Lower admission standards, the GA making a point that not enough Illinois students are admitted, and Chancellor Kines calling the crisis what it is…

    But… “you know”

    So Chancellor Jones is wrong, according to you?

    You must be “Pick A Name”…

    ===I guess I do know since I went to UIUC, my kids went there, my wife went there and many friends and kid’s friends went there.

    It was and is a premier public university.===

    … that Rauner refused to fully fund, that the chancellor said was staying afloat during the crisis, but your “pride” and smugness is smarter than the Chancellor.


  88. - Anonymous - Thursday, Mar 14, 19 @ 10:03 am:

    Again facts are facts, no matter who tries to color a different picture. And facts are that numbers at the U of I increased at a better rate when Rauner was guv than the previous 5 years. These things aren’t my opinion, they are facts.

    So, I have vast experience with UIUC. Do you? I am not smug at all, only relying on my experience and using numbers provided by the U of I system.


  89. - Oswego Willy - Thursday, Mar 14, 19 @ 10:06 am:

    ===So, I have vast experience with UIUC. Do you? I am not smug at all, only relying on my experience and using numbers provided by the U of I system.===

    You know more than the current UIUC Chancellor…

    ===Rauner was guv than the previous 5 years. These things aren’t my opinion, they are facts.===

    Lowered admission standards too.

    That’s pretty smug…. “Pick a Name

    Just say you know more that the Chancellor, go full “know it all”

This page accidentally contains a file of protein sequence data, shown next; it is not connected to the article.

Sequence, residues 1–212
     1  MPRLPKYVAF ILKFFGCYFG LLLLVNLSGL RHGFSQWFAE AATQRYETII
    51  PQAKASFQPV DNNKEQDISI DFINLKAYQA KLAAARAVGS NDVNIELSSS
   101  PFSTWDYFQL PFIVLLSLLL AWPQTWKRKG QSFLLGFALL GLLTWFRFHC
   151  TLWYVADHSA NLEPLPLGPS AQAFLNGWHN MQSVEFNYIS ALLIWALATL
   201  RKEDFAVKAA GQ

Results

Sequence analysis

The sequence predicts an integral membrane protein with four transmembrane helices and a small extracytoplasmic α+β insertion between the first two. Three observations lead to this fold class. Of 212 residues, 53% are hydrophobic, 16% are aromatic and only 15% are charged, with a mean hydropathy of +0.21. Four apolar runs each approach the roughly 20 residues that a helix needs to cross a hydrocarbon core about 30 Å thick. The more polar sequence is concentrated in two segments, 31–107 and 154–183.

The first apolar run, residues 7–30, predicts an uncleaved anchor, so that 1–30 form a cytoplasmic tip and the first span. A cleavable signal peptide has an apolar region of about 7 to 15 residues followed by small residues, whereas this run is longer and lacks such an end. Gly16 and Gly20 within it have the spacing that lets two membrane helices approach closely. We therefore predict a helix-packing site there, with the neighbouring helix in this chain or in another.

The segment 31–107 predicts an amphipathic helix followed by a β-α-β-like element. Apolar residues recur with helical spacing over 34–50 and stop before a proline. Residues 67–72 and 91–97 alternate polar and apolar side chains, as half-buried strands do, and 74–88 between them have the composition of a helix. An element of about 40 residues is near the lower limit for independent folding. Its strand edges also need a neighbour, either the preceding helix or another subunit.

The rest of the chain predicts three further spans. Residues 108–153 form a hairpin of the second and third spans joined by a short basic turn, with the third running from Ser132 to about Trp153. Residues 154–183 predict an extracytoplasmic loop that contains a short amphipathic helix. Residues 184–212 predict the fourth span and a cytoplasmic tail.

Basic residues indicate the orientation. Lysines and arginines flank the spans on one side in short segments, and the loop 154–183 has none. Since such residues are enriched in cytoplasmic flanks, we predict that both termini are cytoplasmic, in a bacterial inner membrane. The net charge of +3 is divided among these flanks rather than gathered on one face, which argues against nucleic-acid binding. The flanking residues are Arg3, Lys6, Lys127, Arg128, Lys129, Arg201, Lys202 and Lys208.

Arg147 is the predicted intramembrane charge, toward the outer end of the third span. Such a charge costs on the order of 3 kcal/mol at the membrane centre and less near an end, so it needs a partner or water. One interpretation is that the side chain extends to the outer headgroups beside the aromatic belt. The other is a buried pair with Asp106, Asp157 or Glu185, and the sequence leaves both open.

90. - Anonymous - Thursday, Mar 14, 19 @ 11:53 am:

    The chancellor complained, or whined, as you see appropriate and I probably would have done the same if I was in his shoes.

    UIUC is doing just fine, new buildings for classes, new dorms, new apartment complexes on campus, new sports facilities, etc.

    Do you have experience with the school? Did you go there? You keep harping on admission standards, it remains a difficult school to get accepted, especially in engineering and business. Not according to me, but according to US News, it is the 13th ranked public university in the nation.

    I’m sure you are a nice guy and you know more than me on 95% of the topics on this board–this isn’t one of them.


  91. - Oswego Willy - Thursday, Mar 14, 19 @ 11:59 am:

    ===The chancellor complained, or whined, as you see appropriate and I probably would have done the same if I was in his shoes.

    UIUC is doing just fine, new buildings for classes, new dorms, new apartment complexes on campus, new sports facilities, etc.===